OPINION, noun opin'yon. [Latin opinio, from opinor, to thing, Gr., Latin suppono.]
1. The judgment which the mind forms of any proposition, statement, theory or event, the truth or falsehood of which is supported by a degree of evidence that renders it probably, but does not produce absolute knowledge or certainty. It has been a received opinion that all matter is comprised in four elements. This opinion is proved by many discoveries to be false. From circumstances we form opinions respecting future events.
OPINION is when the assent of the understanding is so far gained by evidence of probability, that it rather inclines to one persuasion than to another, yet not without a mixture of uncertainty or doubting.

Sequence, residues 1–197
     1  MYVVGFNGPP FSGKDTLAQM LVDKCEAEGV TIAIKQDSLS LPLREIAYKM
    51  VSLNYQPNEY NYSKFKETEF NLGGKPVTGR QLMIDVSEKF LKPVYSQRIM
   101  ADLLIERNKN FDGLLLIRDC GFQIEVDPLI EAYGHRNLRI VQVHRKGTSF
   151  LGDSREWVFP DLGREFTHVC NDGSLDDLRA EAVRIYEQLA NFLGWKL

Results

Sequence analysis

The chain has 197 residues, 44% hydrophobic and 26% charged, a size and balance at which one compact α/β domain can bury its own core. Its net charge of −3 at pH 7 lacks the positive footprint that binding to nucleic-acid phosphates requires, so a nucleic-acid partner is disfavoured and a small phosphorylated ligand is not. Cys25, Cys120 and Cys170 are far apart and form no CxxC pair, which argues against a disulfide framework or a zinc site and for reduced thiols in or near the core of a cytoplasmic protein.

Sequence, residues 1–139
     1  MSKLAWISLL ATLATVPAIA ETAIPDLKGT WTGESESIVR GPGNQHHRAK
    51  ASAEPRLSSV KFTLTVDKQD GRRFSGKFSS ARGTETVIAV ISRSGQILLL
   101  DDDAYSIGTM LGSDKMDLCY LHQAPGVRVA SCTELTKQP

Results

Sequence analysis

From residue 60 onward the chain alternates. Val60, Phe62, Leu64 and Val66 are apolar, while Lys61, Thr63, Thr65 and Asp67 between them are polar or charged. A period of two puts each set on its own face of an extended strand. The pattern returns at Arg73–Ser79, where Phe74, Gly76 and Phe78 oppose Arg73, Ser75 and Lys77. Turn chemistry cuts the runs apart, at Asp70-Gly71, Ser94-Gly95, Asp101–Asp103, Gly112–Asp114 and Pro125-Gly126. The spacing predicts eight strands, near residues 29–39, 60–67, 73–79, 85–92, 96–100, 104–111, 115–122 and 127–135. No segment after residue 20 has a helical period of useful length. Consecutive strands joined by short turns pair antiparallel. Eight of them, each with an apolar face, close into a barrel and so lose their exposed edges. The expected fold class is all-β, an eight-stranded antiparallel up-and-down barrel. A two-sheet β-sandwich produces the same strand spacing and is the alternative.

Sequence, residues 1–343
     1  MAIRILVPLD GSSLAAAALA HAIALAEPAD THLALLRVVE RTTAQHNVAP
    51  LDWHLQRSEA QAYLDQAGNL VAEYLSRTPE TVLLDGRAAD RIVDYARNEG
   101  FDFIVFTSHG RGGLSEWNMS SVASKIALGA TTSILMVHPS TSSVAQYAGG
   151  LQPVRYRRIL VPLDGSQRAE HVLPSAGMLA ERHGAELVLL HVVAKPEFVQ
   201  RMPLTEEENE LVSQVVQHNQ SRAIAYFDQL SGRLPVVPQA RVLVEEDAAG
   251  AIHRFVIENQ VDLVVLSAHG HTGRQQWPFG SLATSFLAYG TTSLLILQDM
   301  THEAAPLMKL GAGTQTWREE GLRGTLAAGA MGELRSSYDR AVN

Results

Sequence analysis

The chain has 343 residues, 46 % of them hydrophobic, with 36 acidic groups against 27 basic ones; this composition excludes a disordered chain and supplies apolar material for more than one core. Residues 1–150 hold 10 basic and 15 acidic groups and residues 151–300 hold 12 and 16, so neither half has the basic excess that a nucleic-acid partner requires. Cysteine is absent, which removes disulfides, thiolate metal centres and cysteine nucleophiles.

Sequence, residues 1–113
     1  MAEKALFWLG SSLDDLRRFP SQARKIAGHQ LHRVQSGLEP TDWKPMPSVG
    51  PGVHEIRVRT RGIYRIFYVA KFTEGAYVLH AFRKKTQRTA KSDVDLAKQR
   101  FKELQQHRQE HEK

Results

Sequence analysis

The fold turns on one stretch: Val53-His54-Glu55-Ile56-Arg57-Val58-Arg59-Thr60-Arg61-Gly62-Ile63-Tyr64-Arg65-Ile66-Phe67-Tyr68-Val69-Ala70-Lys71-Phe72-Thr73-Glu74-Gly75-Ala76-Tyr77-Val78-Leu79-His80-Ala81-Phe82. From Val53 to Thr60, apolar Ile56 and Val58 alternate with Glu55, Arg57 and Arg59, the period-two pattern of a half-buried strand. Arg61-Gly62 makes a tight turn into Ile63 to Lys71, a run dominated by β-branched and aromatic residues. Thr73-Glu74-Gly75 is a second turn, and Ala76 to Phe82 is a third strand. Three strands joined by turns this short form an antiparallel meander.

2. The judgment or sentiments which the mind forms of persons or their qualities. We speak of a good opinion a favorable opinion a bad opinion a private opinion and public or general opinion etc.
Friendship gives a man a peculiar right and claim to the good opinion of his friend.
3. Settled judgment or persuasion; as religious opinions; political opinion
4. Favorable judgment; estimation.
In actions of arms, small matters are of great moment, especially when they serve to raise an opinion of commanders.
However, I have no opinion of these things -
OPIN'ION, verb transitive To think. [Not used.]